Daviss, W. B., Birmaher, B., Melhem, N. A., Axelson, D. A., Michaels, S. M., & Brent, D. A. (2006). Criterion validity of the Mood and Feelings Questionnaire for depressive episodes in clinic and non-clinic subjects. Journal of Child Psychology and Psychiatry, 47(9), 927-934.
Participants — 470 youth
Race/Ethnicity — White (n=390) and Nonwhite (n=80)
Among 470 consecutive youth completing semi-structured interviews at a university-based child psychiatry center, total scores from the 33-item MFQ-Child and 34-item MFQ-Parent were examined across subjects with and without mood disorders various analyses. Statistically significant differences were found in mean scores of the MFQ-C and MFQ-P across youth having major depressive episodes (MDE), mood disorders not meeting criteria for current MDE, and no mood disorders. In the overall sample, areas under the curve for discriminating MDE and any mood disorder suggested moderate to high criterion validity. Scores from the MFQ-C and MFQ-P in the overall sample correlated strongly with each other. The MFQ-C and MFQ-P, especially used in combination, validly identify MDE or other mood disorders in youth diverse in demographic and clinical characteristics.
Sund, A. M., Larsson, B., & Wichstrøm, L. (2001). Depressive symptoms among young Norwegian adolescents as measured by the Mood and Feelings Questionnaire (MFQ). European child & adolescent psychiatry, 10(4), 222-229.
Participants — 2560 13- to 14-year-old Norwegian girls and boys
Race/Ethnicity — Not Specified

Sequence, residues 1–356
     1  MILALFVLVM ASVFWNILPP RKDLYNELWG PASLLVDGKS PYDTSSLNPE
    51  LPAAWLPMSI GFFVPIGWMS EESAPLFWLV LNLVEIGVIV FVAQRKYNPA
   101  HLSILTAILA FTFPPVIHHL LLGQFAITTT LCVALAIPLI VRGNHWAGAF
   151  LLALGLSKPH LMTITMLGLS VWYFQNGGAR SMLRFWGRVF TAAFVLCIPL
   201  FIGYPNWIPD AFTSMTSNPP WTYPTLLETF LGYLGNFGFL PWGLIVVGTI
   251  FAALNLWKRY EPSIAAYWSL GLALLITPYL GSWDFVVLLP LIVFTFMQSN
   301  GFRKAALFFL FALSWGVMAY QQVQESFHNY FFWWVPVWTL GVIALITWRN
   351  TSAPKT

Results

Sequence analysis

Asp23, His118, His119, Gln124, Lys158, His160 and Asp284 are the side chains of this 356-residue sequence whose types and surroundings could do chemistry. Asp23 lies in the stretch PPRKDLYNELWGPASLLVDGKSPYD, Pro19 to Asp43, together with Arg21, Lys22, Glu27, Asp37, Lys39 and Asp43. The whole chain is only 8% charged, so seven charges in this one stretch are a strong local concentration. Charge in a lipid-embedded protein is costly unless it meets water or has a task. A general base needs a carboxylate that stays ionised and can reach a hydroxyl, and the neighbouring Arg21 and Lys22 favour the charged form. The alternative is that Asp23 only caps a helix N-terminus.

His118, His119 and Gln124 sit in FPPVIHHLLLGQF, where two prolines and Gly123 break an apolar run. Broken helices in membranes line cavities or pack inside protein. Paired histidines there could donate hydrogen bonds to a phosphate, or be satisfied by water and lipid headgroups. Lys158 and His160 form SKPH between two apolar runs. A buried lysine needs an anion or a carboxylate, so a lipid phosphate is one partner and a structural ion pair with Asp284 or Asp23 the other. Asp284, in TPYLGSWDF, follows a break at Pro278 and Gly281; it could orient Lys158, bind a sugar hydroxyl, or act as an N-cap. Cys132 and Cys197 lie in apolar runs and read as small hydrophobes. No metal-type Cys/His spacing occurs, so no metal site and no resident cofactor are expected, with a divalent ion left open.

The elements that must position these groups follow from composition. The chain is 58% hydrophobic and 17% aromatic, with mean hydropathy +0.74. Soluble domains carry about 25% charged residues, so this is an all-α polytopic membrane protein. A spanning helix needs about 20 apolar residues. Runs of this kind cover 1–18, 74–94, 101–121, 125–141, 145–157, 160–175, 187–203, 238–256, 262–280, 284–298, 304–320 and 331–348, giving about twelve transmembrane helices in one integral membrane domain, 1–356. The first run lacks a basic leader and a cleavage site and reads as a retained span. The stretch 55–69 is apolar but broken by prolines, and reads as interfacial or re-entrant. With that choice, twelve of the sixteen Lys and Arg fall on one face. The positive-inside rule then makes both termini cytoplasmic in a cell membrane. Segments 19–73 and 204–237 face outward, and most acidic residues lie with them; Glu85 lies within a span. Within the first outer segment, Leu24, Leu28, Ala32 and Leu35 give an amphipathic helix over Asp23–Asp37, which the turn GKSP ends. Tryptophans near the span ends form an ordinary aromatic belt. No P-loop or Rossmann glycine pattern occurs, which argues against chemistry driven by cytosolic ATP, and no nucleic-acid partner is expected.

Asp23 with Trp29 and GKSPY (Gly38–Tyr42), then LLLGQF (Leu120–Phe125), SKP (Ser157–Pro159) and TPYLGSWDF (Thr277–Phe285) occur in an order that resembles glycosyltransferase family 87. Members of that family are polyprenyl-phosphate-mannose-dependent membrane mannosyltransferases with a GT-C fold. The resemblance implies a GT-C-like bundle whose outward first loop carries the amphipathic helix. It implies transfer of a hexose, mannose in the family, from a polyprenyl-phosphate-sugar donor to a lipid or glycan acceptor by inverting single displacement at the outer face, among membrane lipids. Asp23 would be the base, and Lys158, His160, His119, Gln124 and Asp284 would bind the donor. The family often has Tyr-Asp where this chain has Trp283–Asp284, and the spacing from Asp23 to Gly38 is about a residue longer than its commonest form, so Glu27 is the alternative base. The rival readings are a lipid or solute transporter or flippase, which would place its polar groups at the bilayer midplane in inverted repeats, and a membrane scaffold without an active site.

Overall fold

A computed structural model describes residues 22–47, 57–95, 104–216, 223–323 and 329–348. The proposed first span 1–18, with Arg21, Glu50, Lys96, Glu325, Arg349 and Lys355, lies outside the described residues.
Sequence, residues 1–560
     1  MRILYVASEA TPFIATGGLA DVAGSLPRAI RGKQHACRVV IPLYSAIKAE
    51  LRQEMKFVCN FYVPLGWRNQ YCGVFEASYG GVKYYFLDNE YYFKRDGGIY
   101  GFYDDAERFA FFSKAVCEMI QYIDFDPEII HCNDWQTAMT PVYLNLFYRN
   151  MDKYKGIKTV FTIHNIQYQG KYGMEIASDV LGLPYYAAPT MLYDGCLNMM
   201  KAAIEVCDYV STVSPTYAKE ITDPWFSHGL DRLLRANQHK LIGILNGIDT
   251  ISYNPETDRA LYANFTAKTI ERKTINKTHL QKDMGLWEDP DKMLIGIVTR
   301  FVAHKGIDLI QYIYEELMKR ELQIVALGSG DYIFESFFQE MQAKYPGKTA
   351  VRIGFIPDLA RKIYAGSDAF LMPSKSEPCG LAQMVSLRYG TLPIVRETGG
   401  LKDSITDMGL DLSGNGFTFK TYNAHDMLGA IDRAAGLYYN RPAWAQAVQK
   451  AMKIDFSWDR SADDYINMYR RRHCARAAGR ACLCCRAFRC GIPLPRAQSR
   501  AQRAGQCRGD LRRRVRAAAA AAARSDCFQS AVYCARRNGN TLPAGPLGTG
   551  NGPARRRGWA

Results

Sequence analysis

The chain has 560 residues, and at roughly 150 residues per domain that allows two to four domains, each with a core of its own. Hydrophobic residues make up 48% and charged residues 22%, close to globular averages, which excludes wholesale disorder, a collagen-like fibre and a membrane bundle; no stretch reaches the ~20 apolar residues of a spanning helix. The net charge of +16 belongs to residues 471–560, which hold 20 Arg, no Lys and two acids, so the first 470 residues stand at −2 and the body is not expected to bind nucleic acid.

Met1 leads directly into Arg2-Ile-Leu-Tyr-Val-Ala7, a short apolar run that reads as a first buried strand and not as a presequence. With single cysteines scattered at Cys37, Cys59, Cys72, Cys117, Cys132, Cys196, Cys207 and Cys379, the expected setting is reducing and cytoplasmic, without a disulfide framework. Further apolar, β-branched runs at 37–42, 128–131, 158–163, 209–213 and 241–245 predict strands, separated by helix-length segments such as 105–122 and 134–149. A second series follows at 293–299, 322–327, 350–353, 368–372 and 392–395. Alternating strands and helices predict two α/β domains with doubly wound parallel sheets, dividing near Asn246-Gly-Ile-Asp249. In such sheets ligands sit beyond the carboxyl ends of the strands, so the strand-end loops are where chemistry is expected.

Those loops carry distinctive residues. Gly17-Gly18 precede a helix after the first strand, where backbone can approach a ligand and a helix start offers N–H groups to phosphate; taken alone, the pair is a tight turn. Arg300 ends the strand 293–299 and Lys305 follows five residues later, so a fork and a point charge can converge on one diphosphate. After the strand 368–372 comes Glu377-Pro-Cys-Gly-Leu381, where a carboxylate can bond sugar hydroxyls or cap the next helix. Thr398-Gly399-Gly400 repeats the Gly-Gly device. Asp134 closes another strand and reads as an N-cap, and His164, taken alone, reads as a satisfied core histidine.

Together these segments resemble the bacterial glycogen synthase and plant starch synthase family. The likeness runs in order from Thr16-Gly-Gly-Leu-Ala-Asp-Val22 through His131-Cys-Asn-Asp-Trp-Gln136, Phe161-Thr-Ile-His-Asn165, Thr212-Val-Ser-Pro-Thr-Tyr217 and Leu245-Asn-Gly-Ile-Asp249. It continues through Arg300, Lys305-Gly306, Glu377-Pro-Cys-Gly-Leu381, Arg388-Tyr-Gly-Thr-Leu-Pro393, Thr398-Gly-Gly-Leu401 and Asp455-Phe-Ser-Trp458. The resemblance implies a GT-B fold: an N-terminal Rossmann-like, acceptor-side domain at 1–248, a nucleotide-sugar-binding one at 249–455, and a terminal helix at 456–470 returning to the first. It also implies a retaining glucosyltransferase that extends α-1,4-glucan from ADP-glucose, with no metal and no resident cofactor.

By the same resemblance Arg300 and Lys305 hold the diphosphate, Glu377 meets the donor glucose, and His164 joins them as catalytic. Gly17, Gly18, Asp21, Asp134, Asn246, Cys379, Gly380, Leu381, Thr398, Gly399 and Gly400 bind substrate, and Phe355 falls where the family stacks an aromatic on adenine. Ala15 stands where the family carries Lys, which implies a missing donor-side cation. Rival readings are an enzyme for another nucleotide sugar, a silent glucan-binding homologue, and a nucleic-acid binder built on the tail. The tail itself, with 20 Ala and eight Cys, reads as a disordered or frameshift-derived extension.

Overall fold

This study examined the Mood and Feelings Questionnaire (MFQ) in a sample of Norwegian adolescents. The MFQ showed a good internal consistency (α), and test-retest correlations (r) for three-week and three-month intervals were 0.84 and 0.80 respectively. Convergent and discriminative validity were also assessed. The mean total MFQ score for the whole sample was 10.6 (SD 9.5). The results showed a significant sex by age interaction effect in that girls increased their mean total MFQ sum score by age while the boys' scores decreased slightly.
Hammerton, G., Zammit, S., Potter, R., Thapar, A., & Collishaw, S. (2014). Validation of a composite of suicide items from the Mood and Feelings Questionnaire (MFQ) in offspring of recurrently depressed parents. Psychiatry research, 216(1), 82-88.
Participants — 337 (315 mothers and 22 fathers)
Race/Ethnicity — Not Specified
The main aim of this study was to examine the concurrent and predictive validity of a composite of four Mood and Feelings Questionnaire (MFQ) items related to suicidal ideation using an interview measure of suicidal ideation. A parent–child combined MFQ-SI subscale performed well as a screening tool against the interview measure of suicidal ideation (baseline area under the curve (AUC) (95%CI):0.92(0.85–1.00). Longitudinally, this measure showed reasonable predictive validity against future suicidal ideation (AUC (95%CI):0.73(0.58–0.88)). Lastly, there was evidence that a child-rated MFQ-SI scale performed better than a parent-rated one in detecting concurrent suicidal ideation. Longitudinally, both parent and child scales showed reasonable predictive validity against future suicidal ideation.
Date Reviewed: February 2015 (Originally reviewed in August 2011)